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Noise exposure and public health

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Author: Passchier-Vermeer, W. · Passchier, W.F.
Institution: TNO Preventie en Gezondheid
Source:Environmental Health Perspectives, SUPPL. 1, 108, 123-131
Identifier: 235521
Keywords: Acoustics and Audiology · Annoyance · Cardiovascular effects · Children's health · Environmental health · Environmental noise · Hearing impairment · Noise exposure · Noise metrics · Occupational noise · Performance · academic achievement · annoyance · birth defect · hearing impairment · human · hypertension · immune system · ischemic heart disease · mental stress · noise pollution · priority journal · public health · review · risk assessment · sleep disorder · sound intensity · Hearing Disorders · Humans · Noise · Public Health · Stress, Psychological · Urban Development · Built Environment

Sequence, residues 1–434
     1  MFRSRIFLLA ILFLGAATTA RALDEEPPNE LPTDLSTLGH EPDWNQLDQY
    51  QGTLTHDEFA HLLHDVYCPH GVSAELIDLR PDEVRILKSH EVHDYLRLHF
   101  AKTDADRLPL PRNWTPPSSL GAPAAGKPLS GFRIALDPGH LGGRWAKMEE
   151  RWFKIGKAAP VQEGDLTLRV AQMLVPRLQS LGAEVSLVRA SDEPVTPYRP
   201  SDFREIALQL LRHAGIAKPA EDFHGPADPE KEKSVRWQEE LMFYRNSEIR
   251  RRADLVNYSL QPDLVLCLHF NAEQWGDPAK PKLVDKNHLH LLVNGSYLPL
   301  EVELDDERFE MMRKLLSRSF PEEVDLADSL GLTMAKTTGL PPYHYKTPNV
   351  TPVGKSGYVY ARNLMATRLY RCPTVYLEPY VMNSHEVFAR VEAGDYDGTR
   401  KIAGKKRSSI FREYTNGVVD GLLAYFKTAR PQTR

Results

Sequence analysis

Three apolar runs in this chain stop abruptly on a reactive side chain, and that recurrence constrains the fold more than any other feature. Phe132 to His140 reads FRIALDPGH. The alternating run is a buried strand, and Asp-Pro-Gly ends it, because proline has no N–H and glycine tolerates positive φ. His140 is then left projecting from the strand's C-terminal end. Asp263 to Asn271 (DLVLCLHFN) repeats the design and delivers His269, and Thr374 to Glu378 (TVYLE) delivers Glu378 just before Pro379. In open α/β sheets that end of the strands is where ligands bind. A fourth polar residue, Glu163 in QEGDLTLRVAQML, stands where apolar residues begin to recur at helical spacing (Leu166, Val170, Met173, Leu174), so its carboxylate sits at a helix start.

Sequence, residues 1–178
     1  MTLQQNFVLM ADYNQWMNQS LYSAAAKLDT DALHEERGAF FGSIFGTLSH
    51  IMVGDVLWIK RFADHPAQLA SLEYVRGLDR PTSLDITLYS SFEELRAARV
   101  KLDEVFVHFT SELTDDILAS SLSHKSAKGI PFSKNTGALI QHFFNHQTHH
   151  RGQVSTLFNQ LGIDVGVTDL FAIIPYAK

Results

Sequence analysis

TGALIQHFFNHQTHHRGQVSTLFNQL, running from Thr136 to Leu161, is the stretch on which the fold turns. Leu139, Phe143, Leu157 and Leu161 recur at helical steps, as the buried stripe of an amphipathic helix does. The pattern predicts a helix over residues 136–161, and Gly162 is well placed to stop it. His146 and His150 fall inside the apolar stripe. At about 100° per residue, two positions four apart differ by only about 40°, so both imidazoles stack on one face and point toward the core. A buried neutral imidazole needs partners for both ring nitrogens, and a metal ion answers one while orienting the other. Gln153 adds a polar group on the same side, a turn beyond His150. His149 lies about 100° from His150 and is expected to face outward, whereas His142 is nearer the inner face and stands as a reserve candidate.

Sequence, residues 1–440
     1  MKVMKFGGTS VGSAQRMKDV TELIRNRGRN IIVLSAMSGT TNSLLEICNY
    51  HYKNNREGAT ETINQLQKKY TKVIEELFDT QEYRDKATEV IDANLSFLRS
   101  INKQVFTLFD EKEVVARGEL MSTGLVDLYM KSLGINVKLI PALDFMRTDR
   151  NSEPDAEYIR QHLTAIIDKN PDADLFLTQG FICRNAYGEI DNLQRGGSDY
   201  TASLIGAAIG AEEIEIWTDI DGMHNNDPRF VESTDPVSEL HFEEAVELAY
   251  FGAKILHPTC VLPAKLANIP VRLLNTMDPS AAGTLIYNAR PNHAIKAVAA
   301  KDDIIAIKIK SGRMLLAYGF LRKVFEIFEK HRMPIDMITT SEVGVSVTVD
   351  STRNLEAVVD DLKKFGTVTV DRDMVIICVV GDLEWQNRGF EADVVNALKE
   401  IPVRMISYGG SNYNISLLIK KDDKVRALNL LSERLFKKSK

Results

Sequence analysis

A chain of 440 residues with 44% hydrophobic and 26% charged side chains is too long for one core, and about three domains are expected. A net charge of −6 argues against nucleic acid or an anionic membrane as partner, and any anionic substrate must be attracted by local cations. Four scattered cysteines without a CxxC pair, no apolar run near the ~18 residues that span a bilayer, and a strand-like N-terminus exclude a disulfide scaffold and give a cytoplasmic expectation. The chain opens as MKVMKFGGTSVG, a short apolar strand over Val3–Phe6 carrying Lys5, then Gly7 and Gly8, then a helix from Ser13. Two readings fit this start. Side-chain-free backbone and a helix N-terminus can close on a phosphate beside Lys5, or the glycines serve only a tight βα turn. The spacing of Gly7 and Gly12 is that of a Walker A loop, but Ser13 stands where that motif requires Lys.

Exposure to noise constitutes a health risk. There is sufficient scientific evidence that noise exposure can induce hearing impairment, hypertension and ischemic heart disease, annoyance, sleep disturbance, and decreased school performance. For other effects such as changes in the immune system and birth defects, the evidence is limited. Most public health impacts of noise were already identified in the 1960s and noise abatement is less of a scientific but primarily a policy problem. A subject for further research is the elucidation of the mechanisms underlying noise-induced cardiovascular disorders and the relationship of noise with annoyance and nonacoustical factors modifying health outcomes. A high priority study subject is the effects of noise on children, including cognitive effects and their reversibility. Noise exposure is on the increase, especially in the general living environment, both in industrialized nations and in developing world regions. This implies that in the twenty-first century noise exposure will still be a major public health problem.